This is the continuation of neoliberalism – Labor Party style.
I will write further about the concept of ‘Deep Adaptation’ next week. But class conflict is a pivotal dynamic in the Australian system and unless the power of corporations is significantly reduced then no reasonable adaptation is possible.
Change will then be forced on us by the climate deterioration and how that turns out will not be pretty.
The state of business investment in Australia
The first graph shows the scale of Australia’s problem with respect to investment in productive capacity. It shows total real capital formation from the September-quarter 1987 (start of sample) to the June-quarter 2022.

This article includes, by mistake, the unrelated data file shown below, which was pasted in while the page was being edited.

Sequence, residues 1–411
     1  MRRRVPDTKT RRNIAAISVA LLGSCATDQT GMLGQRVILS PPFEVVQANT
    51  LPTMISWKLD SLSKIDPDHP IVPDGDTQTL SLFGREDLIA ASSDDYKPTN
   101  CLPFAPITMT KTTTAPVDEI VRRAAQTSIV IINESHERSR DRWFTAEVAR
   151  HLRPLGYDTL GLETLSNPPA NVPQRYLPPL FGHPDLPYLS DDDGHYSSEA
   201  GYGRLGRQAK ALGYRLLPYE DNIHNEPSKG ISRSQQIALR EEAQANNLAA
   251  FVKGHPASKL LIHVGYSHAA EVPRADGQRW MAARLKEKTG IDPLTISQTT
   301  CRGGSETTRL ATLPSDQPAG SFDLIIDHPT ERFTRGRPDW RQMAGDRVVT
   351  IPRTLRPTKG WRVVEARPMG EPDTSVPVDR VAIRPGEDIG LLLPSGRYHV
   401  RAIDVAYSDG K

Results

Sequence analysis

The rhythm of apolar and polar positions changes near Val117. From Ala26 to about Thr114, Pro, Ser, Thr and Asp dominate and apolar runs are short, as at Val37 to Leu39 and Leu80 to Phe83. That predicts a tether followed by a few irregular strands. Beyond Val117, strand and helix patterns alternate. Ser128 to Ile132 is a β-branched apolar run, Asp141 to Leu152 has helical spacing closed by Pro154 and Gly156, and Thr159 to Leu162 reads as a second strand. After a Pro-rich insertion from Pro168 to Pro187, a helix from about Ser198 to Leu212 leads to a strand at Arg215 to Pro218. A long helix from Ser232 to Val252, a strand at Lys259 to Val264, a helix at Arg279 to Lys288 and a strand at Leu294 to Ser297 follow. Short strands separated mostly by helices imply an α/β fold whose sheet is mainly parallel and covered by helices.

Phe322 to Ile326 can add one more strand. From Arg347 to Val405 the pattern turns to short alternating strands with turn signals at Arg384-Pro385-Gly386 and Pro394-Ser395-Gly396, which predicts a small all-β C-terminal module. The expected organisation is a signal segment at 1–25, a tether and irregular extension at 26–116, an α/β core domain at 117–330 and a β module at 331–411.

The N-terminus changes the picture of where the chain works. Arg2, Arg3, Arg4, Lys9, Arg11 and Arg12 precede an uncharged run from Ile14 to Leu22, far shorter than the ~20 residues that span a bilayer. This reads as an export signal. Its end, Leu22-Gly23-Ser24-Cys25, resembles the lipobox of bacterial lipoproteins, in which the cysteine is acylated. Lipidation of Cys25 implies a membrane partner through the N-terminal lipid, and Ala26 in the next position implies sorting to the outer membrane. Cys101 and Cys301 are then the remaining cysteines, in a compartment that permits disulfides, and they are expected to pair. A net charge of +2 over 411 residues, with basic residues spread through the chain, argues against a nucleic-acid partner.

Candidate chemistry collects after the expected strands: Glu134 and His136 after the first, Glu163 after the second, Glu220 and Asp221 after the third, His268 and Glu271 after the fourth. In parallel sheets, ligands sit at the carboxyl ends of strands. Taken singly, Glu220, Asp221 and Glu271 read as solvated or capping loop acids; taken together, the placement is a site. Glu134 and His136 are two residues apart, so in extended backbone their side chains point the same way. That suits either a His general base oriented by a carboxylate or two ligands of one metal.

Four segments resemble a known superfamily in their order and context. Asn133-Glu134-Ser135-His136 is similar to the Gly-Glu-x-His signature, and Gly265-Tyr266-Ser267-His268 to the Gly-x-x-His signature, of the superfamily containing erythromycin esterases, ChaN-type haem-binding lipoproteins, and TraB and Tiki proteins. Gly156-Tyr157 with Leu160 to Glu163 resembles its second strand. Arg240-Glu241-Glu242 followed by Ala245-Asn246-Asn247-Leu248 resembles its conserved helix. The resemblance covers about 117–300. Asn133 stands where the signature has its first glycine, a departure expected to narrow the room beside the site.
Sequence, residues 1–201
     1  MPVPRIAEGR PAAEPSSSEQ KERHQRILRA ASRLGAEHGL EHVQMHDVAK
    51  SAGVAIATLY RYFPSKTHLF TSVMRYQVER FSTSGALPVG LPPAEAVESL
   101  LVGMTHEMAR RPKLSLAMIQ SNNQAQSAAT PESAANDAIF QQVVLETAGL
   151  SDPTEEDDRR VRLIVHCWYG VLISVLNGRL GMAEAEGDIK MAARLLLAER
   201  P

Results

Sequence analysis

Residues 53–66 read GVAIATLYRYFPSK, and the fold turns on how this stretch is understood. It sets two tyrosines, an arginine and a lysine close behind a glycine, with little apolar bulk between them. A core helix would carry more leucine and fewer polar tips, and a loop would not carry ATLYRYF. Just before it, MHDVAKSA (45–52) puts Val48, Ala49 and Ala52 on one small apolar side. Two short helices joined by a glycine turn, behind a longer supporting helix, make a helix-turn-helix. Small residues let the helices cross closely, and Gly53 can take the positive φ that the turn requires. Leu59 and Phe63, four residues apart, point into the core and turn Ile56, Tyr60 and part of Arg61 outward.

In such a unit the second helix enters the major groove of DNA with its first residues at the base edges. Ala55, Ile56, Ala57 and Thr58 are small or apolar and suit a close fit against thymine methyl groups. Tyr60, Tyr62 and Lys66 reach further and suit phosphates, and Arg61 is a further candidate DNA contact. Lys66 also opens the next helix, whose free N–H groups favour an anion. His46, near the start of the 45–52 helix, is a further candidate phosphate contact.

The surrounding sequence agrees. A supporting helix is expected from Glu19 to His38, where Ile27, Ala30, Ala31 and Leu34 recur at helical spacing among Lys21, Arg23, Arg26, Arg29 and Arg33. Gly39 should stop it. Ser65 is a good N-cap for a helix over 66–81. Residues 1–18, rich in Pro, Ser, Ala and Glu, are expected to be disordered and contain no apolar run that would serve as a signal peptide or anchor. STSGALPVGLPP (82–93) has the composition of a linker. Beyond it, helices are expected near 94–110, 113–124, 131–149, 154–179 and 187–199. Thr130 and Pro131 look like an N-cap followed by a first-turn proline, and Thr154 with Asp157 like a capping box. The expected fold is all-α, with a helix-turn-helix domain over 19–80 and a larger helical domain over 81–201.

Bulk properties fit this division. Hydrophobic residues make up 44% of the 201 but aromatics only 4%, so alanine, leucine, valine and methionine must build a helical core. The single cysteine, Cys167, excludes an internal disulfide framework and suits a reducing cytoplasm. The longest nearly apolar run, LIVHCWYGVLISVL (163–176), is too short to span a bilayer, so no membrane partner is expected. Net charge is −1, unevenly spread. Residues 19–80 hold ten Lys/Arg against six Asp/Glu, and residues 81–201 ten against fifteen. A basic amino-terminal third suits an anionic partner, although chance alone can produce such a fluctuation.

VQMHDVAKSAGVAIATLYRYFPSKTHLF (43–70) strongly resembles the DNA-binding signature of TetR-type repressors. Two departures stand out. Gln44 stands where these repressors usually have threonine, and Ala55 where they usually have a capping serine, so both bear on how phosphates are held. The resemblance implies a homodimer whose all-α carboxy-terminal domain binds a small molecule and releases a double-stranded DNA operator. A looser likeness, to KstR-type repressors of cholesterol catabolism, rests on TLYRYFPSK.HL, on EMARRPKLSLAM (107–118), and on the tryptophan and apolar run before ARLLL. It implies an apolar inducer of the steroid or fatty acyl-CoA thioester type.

The huge hump relates to the once-in-a-century mining boom (see below).
The next graph shows real private capital expenditure by broad sector.
The boom and bust in the Mining sector is quite extraordinary in historical terms.
The next graph shows the quarterly percentage change in Total and Mining private capital expenditure in real terms from the December-quarter 2007 to the June-quarter 2022.
The damage to capital formation from the GFC is clear.
It was also the case that there was some sporadic recovery in investment expenditure leading into the pandemic but the fortunes turned in 2020 as the pandemic impacts dampened sentiment.
Expected business investment
The ABS – Explanatory Notes – help us understand their expected investment expenditure series.
We read that:
Surveys are conducted in respect of each quarter and returns are completed in the 8 or 9 week period after the end of the quarter to which the survey data relate (e.g. March quarter survey returns are completed during April and May).